The control plane of a Kubernetes cluster remains completely agnostic of the cluster mesh and only manages the resources within that cluster. Workloads deployed to a cluster in a mesh do not behave any differently from those that are deployed to a standalone cluster. The following Cilium components should be deployed on each cluster in a mesh.

  • Cilium etcd operator manages an etcd key-value data store which contains the state of that cluster. The etcd pods are exposed using an internal load balancer which is accessible from other clusters, providing read-only access to each cluster’s state. The data store does not use any persistent storage. If this etcd cluster looses quorum, it will be automatically recreated by the operator. Subsequently, Cilium will automatically recover and recreate all state in etcd.
  • Cilium operator is responsible for synchronizing the state of Kubernetes objects such as services, endpoints to the etcd data store as well as handling IP address management (IPAM).
  • Cilium agent is deployed as a daemonset. This is the Cilium CNI plugin. It watches for events from the Kubernetes control plane to learn when pods are started/stopped and manages the eBPF programs which are used to control all network traffic ingress and egress out of those pods. The agent also connects to the Cilium etcd data store in other clusters to retrieve relevant state information required to setup the cluster mesh.

Pod IP routing in a Cilium cluster mesh can be enabled in three modes, namely, tunneling (default), direct-routing, and hybrid-routing. For the implementation in this blog, we will be using the tunneling mode which has the fewest requirements on the underlying networking infrastructure. In this mode, the pod IPs are not routable on the underlying network which only sees the IP addresses of the worker nodes. Cilium agent on each node discovers PodCIDRs allocated to other worker nodes across all clusters in the mesh and maintains a mapping of PodCIDR → node. The nodes thus form a mesh of tunnels that encapsulate the network packets emitted by the pods using a VXLAN header. Cilium sets up a virtual interface named cilium_vxlan on each on each worker node to handle encapsulation/decapsulation of pod traffic.

The architecture of the cluster mesh is shown below.

ClusterMesh implementation with Amazon EKS

The Amazon EKS clusters to be used in a Cilium ClusterMesh are setup as follows.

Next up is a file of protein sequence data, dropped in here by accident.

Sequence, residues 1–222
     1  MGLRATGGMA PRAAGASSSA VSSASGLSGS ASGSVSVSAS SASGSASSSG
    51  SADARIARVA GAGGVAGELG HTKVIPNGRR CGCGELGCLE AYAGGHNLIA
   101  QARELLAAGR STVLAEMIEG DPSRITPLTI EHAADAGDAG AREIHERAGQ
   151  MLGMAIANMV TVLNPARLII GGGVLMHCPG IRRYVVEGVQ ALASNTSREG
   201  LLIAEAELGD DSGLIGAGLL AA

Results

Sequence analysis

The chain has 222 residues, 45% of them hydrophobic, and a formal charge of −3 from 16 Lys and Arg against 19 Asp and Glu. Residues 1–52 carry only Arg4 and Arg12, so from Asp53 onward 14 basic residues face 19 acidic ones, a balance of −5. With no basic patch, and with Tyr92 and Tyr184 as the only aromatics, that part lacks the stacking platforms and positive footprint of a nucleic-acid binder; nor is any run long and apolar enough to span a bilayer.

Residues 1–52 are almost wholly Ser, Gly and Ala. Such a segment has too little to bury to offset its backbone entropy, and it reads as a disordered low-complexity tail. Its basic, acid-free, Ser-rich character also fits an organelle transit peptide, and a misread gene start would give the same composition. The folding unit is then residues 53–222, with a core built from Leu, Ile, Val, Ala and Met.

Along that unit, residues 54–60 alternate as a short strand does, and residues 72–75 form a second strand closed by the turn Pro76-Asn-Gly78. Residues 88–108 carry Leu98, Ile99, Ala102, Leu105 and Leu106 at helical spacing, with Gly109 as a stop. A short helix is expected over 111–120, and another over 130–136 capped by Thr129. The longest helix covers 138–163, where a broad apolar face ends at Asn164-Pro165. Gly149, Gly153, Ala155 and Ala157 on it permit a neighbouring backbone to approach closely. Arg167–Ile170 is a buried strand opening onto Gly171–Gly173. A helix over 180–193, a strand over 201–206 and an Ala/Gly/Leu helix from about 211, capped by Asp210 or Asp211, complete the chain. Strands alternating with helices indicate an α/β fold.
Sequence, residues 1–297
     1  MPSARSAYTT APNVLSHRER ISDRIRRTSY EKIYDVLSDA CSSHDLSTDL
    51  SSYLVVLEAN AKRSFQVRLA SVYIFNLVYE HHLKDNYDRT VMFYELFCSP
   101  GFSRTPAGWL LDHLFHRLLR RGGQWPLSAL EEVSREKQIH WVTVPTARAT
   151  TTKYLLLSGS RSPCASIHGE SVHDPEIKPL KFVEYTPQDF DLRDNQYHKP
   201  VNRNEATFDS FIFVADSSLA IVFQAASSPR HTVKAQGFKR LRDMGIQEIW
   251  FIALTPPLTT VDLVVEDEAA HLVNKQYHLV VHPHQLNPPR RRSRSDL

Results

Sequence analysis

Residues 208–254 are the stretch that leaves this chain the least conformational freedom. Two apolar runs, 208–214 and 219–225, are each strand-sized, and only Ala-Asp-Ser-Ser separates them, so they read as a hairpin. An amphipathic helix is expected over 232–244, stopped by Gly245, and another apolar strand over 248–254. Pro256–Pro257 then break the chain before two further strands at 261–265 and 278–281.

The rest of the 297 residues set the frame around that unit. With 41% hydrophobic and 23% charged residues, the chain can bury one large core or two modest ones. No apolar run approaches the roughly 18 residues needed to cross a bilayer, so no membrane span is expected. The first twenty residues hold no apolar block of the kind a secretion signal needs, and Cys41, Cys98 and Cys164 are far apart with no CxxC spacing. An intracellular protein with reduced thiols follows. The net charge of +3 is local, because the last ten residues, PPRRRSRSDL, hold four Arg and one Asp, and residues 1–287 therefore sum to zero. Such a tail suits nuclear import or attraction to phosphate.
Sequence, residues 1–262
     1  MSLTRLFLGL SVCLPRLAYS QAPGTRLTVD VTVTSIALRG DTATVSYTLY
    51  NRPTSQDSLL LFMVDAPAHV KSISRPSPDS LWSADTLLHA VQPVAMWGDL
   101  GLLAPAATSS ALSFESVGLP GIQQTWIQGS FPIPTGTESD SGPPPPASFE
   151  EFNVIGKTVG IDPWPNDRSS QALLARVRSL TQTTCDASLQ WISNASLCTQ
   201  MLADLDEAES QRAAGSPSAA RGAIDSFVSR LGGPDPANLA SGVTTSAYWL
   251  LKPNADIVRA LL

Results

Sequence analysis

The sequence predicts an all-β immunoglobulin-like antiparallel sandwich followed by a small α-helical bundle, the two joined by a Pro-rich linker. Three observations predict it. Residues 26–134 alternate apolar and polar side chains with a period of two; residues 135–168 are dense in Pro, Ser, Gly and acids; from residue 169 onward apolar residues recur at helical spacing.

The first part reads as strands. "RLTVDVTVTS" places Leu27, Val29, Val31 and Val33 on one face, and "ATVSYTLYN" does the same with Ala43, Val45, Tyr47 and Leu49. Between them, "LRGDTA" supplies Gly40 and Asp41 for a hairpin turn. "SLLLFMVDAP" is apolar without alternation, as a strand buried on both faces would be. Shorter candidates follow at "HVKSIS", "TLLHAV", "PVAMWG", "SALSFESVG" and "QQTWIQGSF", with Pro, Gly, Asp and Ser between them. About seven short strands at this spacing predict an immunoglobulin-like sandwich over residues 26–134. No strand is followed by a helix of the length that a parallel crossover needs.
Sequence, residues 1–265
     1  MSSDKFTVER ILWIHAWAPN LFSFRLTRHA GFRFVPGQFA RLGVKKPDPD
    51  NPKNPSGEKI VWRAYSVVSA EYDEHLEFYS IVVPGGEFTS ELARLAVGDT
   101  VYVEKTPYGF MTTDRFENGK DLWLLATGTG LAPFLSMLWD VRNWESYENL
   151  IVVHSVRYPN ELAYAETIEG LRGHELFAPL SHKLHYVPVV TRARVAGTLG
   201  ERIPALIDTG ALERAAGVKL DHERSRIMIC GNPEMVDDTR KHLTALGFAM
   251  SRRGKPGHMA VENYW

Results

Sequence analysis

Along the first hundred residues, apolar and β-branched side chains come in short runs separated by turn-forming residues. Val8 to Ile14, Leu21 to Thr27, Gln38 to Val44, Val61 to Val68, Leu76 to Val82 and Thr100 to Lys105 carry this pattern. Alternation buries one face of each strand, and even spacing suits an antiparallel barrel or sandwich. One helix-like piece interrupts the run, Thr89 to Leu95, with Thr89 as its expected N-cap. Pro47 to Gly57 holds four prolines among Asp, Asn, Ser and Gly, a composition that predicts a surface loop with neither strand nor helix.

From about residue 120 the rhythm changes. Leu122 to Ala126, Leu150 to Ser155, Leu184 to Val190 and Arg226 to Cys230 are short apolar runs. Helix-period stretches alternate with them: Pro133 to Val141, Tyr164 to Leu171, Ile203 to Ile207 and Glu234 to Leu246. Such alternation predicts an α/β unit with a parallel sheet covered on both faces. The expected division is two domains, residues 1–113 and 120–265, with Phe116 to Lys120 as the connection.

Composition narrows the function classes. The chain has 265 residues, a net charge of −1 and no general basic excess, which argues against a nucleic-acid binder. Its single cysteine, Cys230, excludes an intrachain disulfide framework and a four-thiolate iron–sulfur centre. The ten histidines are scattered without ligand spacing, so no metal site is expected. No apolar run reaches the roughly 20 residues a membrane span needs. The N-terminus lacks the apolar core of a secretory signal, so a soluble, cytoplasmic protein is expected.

• The clusters can be created using any of the methods outlined under Creating an Amazon EKS cluster. For the implementation in this blog, Kubernetes version 1.19 was used.
  • The worker nodes can be provisioned using either a managed node group or self-managed nodes. The clusters will be using Cilium’s eBPF replacement for kube-proxy which has specific requirements on the Linux kernel. Hence, the latest EKS optimized Amazon Linux AMI (version 1.19.6, Kernel version 5.4) was used to launch the worker nodes.
  • Security groups assigned to worker nodes should be configured to allow VXLAN traffic over UDP as documented under Firewall Rules.
  • The clusters are provisioned in two VPCs with non-overlapping CIDRs, 192.168.0.0/20 and 192.168.16.0/20, with a VPC peering connection setup to enable nodes in the two clusters have IP connectivity between each other.
  • The clusters are assigned non-overlapping PodCIDRs, 10.1.0.0/16 and 10.2.0.0/16.

Here is the sequence of steps executed to setup a mesh between these two EKS clusters.

1. Create the cluster

2. As this cluster will be using Cilium CNI with eBPF replacement for kube-proxy, we will have to first delete aws-node and kube-proxy daemonsets. An alternative to deleting these daemonsets is to disable them reversibly by using node selector that does not match any nodes in the cluster. This is done with the following commands:

kubectl patch daemonset aws-node -n kube-system -p '{"spec":{"template":{"spec":{"nodeSelector":{"no-such-node": "true"}}}}}'
kubectl patch daemonset kube-proxy -n kube-system -p '{"spec":{"template":{"spec":{"nodeSelector":{"no-such-node": "true"}}}}}'

3. Next, we will have to scale the CoreDNS deployment down to 0 replicas.

kubectl scale deployment coredns --replicas=0 -n kube-system

4. Launch the worker nodes of the cluster. For this implementation, we will launch two worker nodes in each cluster using m5.large instance type.